…as to the cause which so suddenly and so largely raised wages in California in 1849, and in Australia in 1852. It was the discovery of the placer mines in unappropriated land to which labor was free that raised the wages of cooks in San Francisco restaurants to $500 a month, and left ships to rot in the harbor without officers or crew until their owners would consent to pay rates that in any other part of the globe seemed fabulous.
…Henry George; Progress & Poverty Book V Chapter 2
George goes on to describe how gold mining was organized, and why it was the form of tenure rather than just the availability of gold that raised wages:
[I]t was by common consent declared that this gold-bearing land should remain common property, of which no one might take more than he could reasonably use, or hold for a longer time than he continued to use it. This perception of natural justice was acquiesced in by the General Government and the Courts, and while placer mining remained of importance, no attempt was made to overrule this reversion to primitive ideas. The title to the land remained in the government, and no individual could acquire more than a possessory claim. The miners in each district fixed the amount of ground an individual could take and the amount of work that must be done to constitute use. If this work were not done, any one could relocate the ground. Thus, no one was allowed to forestall or to lock up natural resources. Labor was acknowledged as the creator of wealth, was given a free field, and secured in its reward.
— Progress & Poverty, Book V, Chapter 2
And now I tripped over a 2002 paper (From Commons to Claims: Property Rights in the California Gold Rush by Andrea G McDowell) that provides a lot of detail and background supporting George’s assertion. A particular mining claim might be 100 to 900 square feet. A miner would work it for a few weeks, then expect to move on to another one. Thus the first miners to arrive had an incentive to avoid land monopoly, because they’d be looking for land again in a short while. “[The miners’] position can be summed up as a rejection of a fee-simple interest in mining claims on the grounds that this would result in the monopoly of the diggings by capitalists and the exclusion of individual miners from the chance to strike it rich.”
There’s a lot about how various mining districts managed their operations — certainly not all the same and often poorly documented, with a lot of the information coming from personal journals and correspondence rather than official sources.
Or more precisely, who owns Santa Clara County? With the cooperation of local officials including the County Assessor, a consortium including the Mercury News has determined who owns the greatest value of real estate in the County. Tech giants Alphabet and Apple are second and third, but the number one owner turns out to be Stanford University.
Some other important information:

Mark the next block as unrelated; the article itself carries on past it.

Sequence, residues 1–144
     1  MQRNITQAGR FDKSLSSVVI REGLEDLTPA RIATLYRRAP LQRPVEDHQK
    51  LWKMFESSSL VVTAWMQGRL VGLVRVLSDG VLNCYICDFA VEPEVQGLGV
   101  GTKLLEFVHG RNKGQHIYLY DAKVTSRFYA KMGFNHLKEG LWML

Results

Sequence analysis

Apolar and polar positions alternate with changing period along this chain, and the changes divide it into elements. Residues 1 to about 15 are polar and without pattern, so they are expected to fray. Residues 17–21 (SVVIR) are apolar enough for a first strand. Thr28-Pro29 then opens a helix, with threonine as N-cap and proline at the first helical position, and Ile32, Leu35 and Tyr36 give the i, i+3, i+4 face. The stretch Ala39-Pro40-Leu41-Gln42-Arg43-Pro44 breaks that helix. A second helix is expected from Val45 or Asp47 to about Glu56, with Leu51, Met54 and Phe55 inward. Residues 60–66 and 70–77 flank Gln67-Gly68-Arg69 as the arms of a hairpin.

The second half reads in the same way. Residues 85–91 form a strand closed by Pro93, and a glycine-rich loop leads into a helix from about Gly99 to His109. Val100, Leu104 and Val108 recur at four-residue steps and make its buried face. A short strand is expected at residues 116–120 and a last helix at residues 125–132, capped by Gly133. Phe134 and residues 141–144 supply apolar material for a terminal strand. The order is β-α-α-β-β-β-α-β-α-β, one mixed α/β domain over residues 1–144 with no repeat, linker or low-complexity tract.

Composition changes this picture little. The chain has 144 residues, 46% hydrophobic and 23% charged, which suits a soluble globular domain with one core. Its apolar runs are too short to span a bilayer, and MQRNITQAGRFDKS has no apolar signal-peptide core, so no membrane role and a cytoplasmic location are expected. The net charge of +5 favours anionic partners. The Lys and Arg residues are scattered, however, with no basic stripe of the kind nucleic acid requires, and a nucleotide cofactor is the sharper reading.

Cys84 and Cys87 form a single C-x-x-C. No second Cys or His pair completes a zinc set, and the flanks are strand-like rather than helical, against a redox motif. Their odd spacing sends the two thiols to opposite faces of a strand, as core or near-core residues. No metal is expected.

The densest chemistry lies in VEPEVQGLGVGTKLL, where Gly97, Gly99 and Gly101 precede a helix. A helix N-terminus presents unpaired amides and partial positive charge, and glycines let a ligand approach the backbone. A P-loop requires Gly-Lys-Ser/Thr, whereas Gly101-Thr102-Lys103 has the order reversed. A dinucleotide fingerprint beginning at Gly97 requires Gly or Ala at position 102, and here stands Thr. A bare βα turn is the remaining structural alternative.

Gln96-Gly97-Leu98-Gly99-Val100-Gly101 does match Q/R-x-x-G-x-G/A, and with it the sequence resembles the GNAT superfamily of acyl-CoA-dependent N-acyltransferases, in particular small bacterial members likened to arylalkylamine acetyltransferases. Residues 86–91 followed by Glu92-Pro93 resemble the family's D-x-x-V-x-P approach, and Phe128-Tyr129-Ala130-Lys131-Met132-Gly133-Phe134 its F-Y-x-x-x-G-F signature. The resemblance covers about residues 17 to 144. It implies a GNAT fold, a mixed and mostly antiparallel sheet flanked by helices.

Proposition 13 is mentioned, but the incentive which keeps old people in their homes which become unaffordable to most families is not explored.
Local opposition to development, preventing housing construction which might otherwise occur, is discussed.
Stanford’s existing holdings include commercial property, but their current acquisitions seem mainly to provide housing for some of their elite employees. These people are able to buy houses at favorable prices (relative to the area), however Stanford retains the land and retains the right to buy the house back eventually. Local non-Stanford people complain, of course, but do not offer to sell their properties at a discount.
Apparently California practice is to assess all real estate, even that which is exempt. This enables meaningful estimates of ownership even tho $13.3 billion of Stanford’s $19.7 billion in real estate is exempt.
Several local officials were interviewed. They don’t discuss how it feels to know that your opposition, Apple and/or Google, has control of much of your communications and might be monitoring them.
Blueseed plans to start operation next year of a floating city, safely outside the twelve-mile limit of U S jurisdiction, where a thousand innovators can work pretty much without the immigration hassles imposed on domestic companies. The “land” of the ocean is of course free to anyone who wants to use it, but there are big expenses in building and operating the platform. Still, they estimate living costs comparable to those of pricey San Francisco (albeit for much smaller living space.) If land in Silicon Valley was cheap, the ocean site would seem expensive, but it isn’t, so it doesn’t.
They’re entirely legal, or so it appears, and don’t seem to avoid Federal income tax altho California taxes might not apply. Blueseed “will work closely with the U.S. Customs and Borders Protection towards an agreement that follows all applicable US laws and regulations,” and it appears access will be from the California mainland so everyone not a legal U S resident will need some kind of U S visa.
But being outside U. S. territory, flying a flag of convenience, what defense has Blueseed against whoever might want to attack them? Not to worry, “pirates … don’t exist near California…” and presumably attacks by government authorities are no more likely at sea than within the country.